The Japanese eat foods that are not only different from Western diets, but in a different way as well. Eating in small portions, and with a wide variety, is the Japanese key to good health and weight loss.
1. Many small dishes
Japanese serve our food in small, separate plates, with dishes arranged in a way that is spare and pleasing to the eye. We get our satisfaction as much from how our meals look, as from a satiated stomach. Each of our small, colorful plates are not fully covered by food to allow for the beauty of the plate and beauty of its zen simplicity. We eat with eyes, but enjoy scent of the foods, too. By seeing many dishes, your mind is tricked into thinking you’re eating a lot!
2. A variety of flavors and textures
Think of how easy it is to gorge yourself on a bowl of something homogeneous, like macaroni and cheese. A dish with variety, however, will be a little different with every bite. Japanese average 30 kinds of different foods per day, while American average 15. But because each portion is small, the Japanese version has less total calories than the American.
3. Eat fresh
Japanese go to buy food frequently like a few to 7 days per week. Because Japan is a small country (same size as California), with a big population (1/3 of the USA) , our houses are much smaller than Americans’. Our refrigerators are smaller, too, so we need go shop frequently, benefitting us with fresh meals.
4. Use chopsticks or small utensils
The less you can fit onto your fork and spoon, the slower you eat. So, use chopsticks! If you are not used to chopsticks, that’s even better as you’ll take even longer to eat. If chopsticks are not for you, just use a child-size fork and spoon.
5. Put down your utensils between bites.
This will help to break the habit of stuffing a new chunk of food in your mouth shortly after swallowing the last one. Set a minimum number of 10 chews for every bite and work your way up to 20 or more. This not only slows down your eating and helps with digestion, the added chewing trains your facial muscles and prevents sagging!
6. Have a 1 inch X 1 inch dessert
Japanese enjoy our sweets, but at a smaller size. We cannot understand the oversized American portions!
7. Eat fruit in the morning
This is where we differ from having fruit for dessert. As unused sugar in fruits is not used up as energy, it will convert to fat. By eating your fruits in the morning, you’re more apt to burn the sugars through the day. If eaten after dinner, it it more apt to convert to fat while you sleep.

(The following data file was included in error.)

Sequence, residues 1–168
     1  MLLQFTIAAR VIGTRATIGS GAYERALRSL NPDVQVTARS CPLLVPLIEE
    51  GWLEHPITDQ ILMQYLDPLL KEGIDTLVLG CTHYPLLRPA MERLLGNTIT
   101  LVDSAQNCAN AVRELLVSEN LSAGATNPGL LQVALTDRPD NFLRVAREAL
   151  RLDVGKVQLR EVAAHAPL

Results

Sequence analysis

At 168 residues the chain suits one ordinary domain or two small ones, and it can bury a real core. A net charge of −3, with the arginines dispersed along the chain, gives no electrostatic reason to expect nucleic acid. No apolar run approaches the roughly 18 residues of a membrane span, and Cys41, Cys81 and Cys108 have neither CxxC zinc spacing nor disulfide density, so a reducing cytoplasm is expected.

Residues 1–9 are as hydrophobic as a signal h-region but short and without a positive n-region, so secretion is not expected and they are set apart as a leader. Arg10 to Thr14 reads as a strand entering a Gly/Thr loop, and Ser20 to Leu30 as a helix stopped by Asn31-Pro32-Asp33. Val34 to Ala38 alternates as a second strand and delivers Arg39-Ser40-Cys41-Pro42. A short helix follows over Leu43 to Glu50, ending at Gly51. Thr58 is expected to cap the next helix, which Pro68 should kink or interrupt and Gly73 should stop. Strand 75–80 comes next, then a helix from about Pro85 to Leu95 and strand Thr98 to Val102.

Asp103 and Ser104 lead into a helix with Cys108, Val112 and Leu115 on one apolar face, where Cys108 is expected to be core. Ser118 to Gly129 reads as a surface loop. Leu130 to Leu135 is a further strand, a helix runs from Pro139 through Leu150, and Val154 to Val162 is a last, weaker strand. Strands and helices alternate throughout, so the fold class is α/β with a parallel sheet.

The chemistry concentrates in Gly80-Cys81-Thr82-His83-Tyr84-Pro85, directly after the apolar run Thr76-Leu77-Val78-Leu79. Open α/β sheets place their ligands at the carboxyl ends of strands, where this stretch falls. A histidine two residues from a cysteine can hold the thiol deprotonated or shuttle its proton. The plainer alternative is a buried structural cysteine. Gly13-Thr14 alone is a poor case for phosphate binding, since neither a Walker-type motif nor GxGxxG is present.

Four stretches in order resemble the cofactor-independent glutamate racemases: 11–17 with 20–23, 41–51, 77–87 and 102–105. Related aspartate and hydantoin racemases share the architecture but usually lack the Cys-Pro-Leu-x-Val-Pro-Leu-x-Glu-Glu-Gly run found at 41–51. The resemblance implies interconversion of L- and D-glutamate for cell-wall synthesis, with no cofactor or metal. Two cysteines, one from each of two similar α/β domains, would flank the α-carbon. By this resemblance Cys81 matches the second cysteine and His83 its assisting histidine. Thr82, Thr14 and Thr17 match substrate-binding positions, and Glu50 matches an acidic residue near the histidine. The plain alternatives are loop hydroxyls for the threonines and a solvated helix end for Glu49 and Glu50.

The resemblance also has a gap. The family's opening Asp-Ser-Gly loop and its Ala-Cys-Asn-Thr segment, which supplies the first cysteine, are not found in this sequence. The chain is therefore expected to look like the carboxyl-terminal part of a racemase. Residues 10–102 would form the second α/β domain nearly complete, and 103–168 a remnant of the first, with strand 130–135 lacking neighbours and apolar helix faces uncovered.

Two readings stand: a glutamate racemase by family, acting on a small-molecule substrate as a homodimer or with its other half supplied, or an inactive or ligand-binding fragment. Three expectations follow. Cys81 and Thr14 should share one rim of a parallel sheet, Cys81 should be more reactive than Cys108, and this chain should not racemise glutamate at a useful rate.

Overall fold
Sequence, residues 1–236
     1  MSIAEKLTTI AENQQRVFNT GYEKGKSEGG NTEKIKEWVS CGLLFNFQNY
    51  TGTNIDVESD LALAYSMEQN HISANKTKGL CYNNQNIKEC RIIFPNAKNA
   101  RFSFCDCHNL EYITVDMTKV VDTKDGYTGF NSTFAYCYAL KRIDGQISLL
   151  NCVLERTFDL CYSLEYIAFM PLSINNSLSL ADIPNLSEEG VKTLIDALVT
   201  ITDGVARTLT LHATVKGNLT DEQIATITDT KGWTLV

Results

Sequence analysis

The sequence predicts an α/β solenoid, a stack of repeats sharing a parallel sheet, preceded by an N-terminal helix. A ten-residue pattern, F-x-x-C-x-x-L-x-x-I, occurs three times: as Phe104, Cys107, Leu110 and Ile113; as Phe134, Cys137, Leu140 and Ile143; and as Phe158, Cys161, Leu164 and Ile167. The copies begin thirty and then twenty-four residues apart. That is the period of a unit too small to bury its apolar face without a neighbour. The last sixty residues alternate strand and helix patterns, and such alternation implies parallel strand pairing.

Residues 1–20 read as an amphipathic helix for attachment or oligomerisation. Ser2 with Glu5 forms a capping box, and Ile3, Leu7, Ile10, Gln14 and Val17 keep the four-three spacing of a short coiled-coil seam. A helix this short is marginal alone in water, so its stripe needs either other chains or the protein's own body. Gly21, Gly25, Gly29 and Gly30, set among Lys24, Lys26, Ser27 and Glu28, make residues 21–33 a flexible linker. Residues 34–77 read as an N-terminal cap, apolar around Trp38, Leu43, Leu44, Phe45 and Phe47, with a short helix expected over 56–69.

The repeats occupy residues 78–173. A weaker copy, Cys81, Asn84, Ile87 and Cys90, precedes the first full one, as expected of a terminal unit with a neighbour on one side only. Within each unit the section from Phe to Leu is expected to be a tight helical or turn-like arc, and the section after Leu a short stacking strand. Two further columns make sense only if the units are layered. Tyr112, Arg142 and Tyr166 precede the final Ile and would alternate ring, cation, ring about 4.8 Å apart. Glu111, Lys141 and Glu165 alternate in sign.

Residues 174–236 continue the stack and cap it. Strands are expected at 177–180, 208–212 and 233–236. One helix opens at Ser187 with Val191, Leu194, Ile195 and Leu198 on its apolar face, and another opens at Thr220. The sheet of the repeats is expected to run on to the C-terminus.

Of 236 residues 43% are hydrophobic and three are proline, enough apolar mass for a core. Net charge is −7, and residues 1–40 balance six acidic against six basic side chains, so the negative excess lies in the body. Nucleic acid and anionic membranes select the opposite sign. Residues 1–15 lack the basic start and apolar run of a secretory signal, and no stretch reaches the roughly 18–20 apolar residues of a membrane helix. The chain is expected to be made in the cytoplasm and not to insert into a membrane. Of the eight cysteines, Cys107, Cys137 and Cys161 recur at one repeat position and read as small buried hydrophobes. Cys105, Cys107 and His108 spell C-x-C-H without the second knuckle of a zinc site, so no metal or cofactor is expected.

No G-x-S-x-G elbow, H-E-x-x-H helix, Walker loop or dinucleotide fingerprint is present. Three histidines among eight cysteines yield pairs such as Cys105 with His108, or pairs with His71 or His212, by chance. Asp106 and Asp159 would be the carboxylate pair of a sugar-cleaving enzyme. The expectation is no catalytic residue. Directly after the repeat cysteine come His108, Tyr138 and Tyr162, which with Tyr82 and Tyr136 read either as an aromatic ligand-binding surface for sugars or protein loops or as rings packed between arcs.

Also, try to have only one kind of fruit at time. When eaten at the same time, enzymes of each fruit can fight each other, resulting in poor absorption.
8. Eat mindfully, at a table, and preferably with others
A desk is not a table. If we eat while we’re working, using internet, watching TV, or driving, we eat mindlessly, and as a result eat a lot more than we should if we were eating at a table, paying attention to what we’re doing.
Communal meals tend to limit consumption, if only because we’re less likely to stuff ourselves when others are watching. We also tend to eat more slowly, since there’s usually more going on at the table than ingestion. This is precisely why so much food marketing is designed to encourage us to eat in front of the TV or in the car!
9. Use something blue while eating, like blue napkin, table mat, or plate.
Blue calms down our minds and suppresses appetite. That’s why restaurants use warm color like red, orange or yellow which are the opposite of blue.
Blue is an often used color in Japanese pottery.
10. Eat Like a Ninja
Ninjas are Japanese warriors specially trained in the unorthodox arts of war. They must be very flexible and fit to beat their enemies. Ninjas wear all black, but they often eat black and darker colored foods as well. Learn More Here.
For more lifestyle tips for weight loss and a lifetime of good health check out Koko’s book!